The engine started yammering noisily a few minutes later but we were not off quite yet. The captain sauntered down to the engine room and stopped the yammering. A local in broken English explained that 3 people had not paid – anyone who was not travelling with an agency had to pay (or something to that effect). An English chap, Nathan who I chatted to in the queues at immigration said he paid the man where people put their names down. He was asked for his passport and it was whisked away. As we waited the boat bobbed around, banging into neighbouring houseboats , their inhabitants getting increasingly frustrated with having to fend off our boat.

Eventually the captain started her up again and we pushed off into the fabulous hazy scenery of the mighty Mekong rover. Slash and burn agriculture was evident immediately, the hills only barely visible in the background. Cushions, books and decks of cards started to appear. People sprawled out on rucksacks and started teaching each other card games. The bar had cold beer and the atmosphere was great, unexpectedly so in fact. It was a 2 day journey so might as well make some friends! The exception was a middle aged German who had moved seats and then came back to his original place and gruffly indicated the new occupant back to the floor. Louisa was mortified to share a passport with him.

I took a little time to explore the boat. It had a sit down toilet behind the bar (I had heard about a hole in the floor on others) and behind that the engine, which looked like something from a sixties Sci-Fi Movie and was adorned with sticks of incense and a few biscuits and other offerings, presumably warding off the bad spirits and keeping us on track. Towards the stern was the family's living area – I assume the lady behind the table was the captain's wife and the guy with the big bamboo stick who fended off the river bank and other boats, his son.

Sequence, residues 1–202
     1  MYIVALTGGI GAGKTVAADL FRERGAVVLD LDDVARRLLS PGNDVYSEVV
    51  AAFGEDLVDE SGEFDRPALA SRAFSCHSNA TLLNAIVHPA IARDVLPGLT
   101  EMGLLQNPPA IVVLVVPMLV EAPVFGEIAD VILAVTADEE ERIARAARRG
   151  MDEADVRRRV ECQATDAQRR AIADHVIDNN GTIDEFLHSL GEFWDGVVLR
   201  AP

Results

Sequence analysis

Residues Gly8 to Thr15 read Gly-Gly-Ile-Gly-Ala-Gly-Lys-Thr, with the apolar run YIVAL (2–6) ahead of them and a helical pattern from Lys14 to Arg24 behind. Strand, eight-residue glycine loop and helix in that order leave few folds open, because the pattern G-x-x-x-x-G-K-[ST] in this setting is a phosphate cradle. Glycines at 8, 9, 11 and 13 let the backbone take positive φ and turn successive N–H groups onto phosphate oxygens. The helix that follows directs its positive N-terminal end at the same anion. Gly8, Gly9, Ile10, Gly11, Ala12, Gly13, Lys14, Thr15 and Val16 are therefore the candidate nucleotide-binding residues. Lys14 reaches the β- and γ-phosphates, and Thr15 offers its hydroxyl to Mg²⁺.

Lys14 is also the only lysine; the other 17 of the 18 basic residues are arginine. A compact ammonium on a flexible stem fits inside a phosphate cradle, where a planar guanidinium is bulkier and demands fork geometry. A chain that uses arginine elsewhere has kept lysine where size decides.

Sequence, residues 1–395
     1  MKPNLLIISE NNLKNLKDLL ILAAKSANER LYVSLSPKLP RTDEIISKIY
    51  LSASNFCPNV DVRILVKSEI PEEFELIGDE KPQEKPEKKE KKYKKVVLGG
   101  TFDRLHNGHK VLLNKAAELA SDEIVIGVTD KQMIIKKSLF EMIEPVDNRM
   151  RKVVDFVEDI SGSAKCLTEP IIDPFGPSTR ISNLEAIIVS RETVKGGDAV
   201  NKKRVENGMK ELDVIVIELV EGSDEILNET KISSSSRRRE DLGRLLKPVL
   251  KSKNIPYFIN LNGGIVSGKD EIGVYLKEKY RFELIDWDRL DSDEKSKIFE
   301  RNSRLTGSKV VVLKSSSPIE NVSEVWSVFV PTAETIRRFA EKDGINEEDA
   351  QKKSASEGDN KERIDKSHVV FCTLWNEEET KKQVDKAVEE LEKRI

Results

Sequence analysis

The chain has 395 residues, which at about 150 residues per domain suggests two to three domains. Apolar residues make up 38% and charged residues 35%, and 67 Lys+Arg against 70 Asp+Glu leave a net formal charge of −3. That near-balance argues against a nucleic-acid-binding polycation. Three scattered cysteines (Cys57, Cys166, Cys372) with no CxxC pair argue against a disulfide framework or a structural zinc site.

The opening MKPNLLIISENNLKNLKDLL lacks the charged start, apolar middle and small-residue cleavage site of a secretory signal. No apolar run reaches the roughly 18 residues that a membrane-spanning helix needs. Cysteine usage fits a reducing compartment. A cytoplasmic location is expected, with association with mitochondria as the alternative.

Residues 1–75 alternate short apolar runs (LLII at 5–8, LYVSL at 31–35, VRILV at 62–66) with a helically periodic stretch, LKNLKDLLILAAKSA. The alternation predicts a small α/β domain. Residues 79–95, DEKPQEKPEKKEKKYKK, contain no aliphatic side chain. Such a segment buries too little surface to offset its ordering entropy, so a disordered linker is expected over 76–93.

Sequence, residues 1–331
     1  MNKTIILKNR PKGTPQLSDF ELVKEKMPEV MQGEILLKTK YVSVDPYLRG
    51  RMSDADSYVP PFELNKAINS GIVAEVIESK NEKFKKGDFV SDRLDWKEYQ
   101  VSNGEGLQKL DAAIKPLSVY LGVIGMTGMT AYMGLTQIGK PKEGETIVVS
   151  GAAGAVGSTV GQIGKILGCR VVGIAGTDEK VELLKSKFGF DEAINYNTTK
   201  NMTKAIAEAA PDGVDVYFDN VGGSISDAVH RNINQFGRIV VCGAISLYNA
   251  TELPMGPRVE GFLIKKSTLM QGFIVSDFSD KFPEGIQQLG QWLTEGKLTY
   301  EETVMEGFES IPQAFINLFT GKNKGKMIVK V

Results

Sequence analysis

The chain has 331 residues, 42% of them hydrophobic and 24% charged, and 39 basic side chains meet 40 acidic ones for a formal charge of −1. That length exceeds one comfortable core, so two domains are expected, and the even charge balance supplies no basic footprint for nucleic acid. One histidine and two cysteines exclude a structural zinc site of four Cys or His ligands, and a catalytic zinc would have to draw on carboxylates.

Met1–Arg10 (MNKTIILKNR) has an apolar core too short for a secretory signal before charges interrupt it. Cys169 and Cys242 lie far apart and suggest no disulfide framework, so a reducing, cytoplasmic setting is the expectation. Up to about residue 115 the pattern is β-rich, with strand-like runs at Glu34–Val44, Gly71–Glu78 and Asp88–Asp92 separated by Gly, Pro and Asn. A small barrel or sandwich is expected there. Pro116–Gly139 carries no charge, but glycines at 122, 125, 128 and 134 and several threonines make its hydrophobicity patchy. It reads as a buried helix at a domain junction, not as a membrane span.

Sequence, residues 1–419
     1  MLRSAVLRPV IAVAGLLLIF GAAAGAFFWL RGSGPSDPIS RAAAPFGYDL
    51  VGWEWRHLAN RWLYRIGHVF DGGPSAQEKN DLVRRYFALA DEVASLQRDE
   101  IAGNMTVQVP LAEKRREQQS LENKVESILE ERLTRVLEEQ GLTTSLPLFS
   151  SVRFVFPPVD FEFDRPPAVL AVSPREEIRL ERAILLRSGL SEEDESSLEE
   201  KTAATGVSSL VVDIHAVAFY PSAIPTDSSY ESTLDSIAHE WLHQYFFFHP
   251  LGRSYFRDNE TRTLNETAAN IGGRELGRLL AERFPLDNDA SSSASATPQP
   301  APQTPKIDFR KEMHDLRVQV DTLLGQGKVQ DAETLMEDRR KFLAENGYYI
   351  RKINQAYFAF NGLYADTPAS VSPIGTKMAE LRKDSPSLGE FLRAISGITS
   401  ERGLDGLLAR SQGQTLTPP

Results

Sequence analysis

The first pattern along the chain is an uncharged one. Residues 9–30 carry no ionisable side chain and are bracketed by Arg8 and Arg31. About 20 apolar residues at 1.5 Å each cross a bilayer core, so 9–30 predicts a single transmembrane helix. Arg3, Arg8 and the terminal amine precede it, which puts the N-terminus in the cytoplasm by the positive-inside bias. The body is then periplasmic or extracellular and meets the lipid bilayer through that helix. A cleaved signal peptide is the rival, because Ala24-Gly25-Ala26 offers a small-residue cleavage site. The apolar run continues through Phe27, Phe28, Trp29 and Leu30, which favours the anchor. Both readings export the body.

A few stops were made, including one where Nathan got his passport back (it had been on the other boat for no apparent reason) then promptly dropped it into the mud of the Mekong. 5 or 6 hours after leaving we arrived in Pak Beng and everyone filed off but not before the lady at the bar table asked me for my cushion – taking a shine to the elephant design. I started trying to explain that I needed it tomorrow as well but seeing the disappointment in her eyes I guiltily handed it over and made for shore. However a climb up razor sharp stone in flip flops carrying 2 rucksacks while fending off the multitude of hawkers enthusiastically peddling guesthouses is easier said than done. Ignoring them we chose the first one on the left and it was perfect.

After freshening up we joined the girls for dinner in a slightly bizarre restaurant promising happy times and free special whiskey. They seemed to be all out of special whiskey and when the lights went out at 10pm we figured it was time to head back. A group of guys who had been sitting beside us on the boat were eating at our guest house. We left the guys and gals to it and had just put down our books to go to sleep when our electricity went off and we heard the giggles and fumbles below as people tried to find their way without torches. No electricity means no fan though, so it was a sticky night.

Equipped with a packed lunch we got back on the same boat, and thankfully the same spot, but there were more people on the second day so it was a bit more cramped. Claire did manage a good 2 hour nap sprawled out in front of the bar underneath an animated conversation between 3 loud English guys. Fair play to her! I asked the bar lady for a loan of my cushion back and she obliged. More of the same on the second day – crude fishing nets hanging from craggy limestone rocks, kids playing naked in the soupy river underneath the rolling mostly blackened hills. Played a few games of shithead with the guys from the previous night – 3 tall dutch gap yearers, Vincent, Vincent and Paul and Wallace from Canada. The group had grown to nine.

An hour or so before arriving in Louang Phabang we passed the Pak Ou caves where a large number of no longer wanted Buddha images are stored. It was a bit of a surprise when we got to the city itself. I had been expecting just that, a city – cars, mopeds, crowds and buildings both banks of the river, maybe a few bridges. Nope – palm trees fraying in the evening sun, not a bridge in sight and only a few buildings visible on the northern bank. I gave the bar lady back the cushion and possibly made her day by giving her Claire's too.

As the slow boat people made their way up the slope to town I could visualise the hawkers preparing their onslaught. We were the last two off. “Stairs instead?”

Tags: boat, border crossing, visa